D driver between the ages of 15 and 16 years old can only operate within a seven-mile radius of their home and only between the hours of 4:00 a.m. and 8:00 p.m.
Motorized Bicycle (Moped) Licenses
For a motorized bicycle license, an operator age 14 or 15 must have a motorized bicycle license to operate a moped. To operate a motorized bicycle, an individual over the age of 16 must hold a valid regular driver's license. For those between 15 and 17, the driver must get a restricted license in order to operate a motorized bicycle.
To get a motorized bicycle license, the driver must pass a written test and a vision test and prove that they are able to operate a motorized bicycle. This license is valid for use only between 4:00 p.m. and 8:00 p.m. and only within a seven-mile radius of the driver's home if the driver is under the age of 16.
Helmet Requirements in Tennessee
Note that a helmet is required to drive any type of motorcycle, scooter or motorized bike in Tennessee. Motorcycle helmets are mandatory for motorcycles and scooters, but only a bicycle helmet is required for a moped.
Note that mopeds cannot be driven on:
Limited-access, multi-lane highways.
Registration Requirements for Motor Scooters
The Tennessee Department of Safety requires motor scooters and mopeds to be titled and registered in the state in order to legally drive them on public roads. The driver must follow the same registration process as a motorcycle operator does when to register their vehicle.
The county clerk registers vehicles in the state of Tennessee. The state requires the vehicle title or Manufacturer’s Statement of Origin, and proof of residency in Tennessee to register a scooter. The operator must also provide proof of identity to the county clerk when registering their motor scooter.
Electric Scooters in Tennessee
What about electric foot scooters in Tennessee? Many companies rent these scooters, especially in urban areas. Electric foot scooter drivers are generally subject to the same laws as those who operate bicycles and electric bicycles.
The driver does not need a special scooter license, but they do need to hold a valid driver's license. Anyone too young to get a regular driving license is not permitted to operate an electric foot scooter.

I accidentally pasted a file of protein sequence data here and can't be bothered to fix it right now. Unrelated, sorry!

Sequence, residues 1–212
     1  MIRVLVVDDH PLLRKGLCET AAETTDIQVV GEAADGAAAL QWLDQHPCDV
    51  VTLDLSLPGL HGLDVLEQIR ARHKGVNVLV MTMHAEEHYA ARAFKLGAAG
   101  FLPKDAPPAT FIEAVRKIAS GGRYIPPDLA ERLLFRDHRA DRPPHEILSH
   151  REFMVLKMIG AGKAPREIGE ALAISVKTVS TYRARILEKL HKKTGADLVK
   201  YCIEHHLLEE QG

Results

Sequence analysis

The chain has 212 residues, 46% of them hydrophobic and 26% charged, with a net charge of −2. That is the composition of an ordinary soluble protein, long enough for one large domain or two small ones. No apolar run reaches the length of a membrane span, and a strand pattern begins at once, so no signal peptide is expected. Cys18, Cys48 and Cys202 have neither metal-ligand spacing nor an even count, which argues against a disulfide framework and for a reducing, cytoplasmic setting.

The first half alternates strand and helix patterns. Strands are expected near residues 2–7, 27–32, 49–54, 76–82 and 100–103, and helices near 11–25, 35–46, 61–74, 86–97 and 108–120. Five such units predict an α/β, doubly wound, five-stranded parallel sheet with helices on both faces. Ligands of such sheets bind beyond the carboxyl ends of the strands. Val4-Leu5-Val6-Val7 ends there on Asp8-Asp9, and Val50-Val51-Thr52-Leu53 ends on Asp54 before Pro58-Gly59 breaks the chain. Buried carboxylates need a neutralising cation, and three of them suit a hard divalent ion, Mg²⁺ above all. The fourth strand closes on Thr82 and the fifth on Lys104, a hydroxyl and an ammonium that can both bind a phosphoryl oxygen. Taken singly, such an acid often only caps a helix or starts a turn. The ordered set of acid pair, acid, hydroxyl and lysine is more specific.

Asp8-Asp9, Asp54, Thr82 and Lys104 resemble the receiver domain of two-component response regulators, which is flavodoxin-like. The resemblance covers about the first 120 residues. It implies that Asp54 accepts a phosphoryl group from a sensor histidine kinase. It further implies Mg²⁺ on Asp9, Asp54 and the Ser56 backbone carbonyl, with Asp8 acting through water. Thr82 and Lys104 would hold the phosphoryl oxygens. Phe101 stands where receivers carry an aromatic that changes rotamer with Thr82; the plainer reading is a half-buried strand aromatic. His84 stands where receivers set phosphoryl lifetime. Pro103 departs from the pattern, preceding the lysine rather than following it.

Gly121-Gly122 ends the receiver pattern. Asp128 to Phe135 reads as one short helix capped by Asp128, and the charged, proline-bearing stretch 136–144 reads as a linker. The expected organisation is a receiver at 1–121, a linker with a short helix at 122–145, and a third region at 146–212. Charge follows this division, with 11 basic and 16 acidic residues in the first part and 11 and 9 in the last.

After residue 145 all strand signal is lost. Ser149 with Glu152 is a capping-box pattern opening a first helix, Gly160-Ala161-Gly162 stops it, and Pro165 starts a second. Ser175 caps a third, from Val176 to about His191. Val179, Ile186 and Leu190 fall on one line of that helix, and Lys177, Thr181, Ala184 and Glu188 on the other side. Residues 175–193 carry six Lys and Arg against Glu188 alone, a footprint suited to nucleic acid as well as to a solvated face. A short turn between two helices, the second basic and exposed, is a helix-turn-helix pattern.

Tennessee Scooter Laws
Tennessee laws require foot scooter operators to ride solo – no more than one rider is permitted on a scooter. It is not permitted to operate a foot scooter after drinking excess amounts of alcohol, and all rules of the road for other vehicles also apply to these scooters.
Anyone operating electric scooters on a roadway at slower than the normal speed of traffic must ride as closely as possible to the right-hand curb or edge of the roadway. Exceptions are made when the scooter is overtaking a vehicle or preparing to turn. Electric foot scooters cannot be driven at a speed in excess of 15 mph.
Teo Spengler earned a J.D. from U.C. Berkeley's Boalt Hall. As an Assistant Attorney General in Juneau, she practiced before the Alaska Supreme Court and the U.S. Supreme Court before opening a plaintiff's personal injury practice in San Francisco. She holds both an M.A. and an M.F.A in creative writing and enjoys writing legal blogs and articles. Her work has appeared in numerous online publications including USA Today, Legal Zoom, eHow Business, Livestrong, SF Gate, Go Banking Rates, Arizona Central, Houston Chronicle, Navy Federal Credit Union, Pearson, Quicken.com, TurboTax.com, and numerous attorney websites. Spengler splits her time between the French Basque Country and Northern California.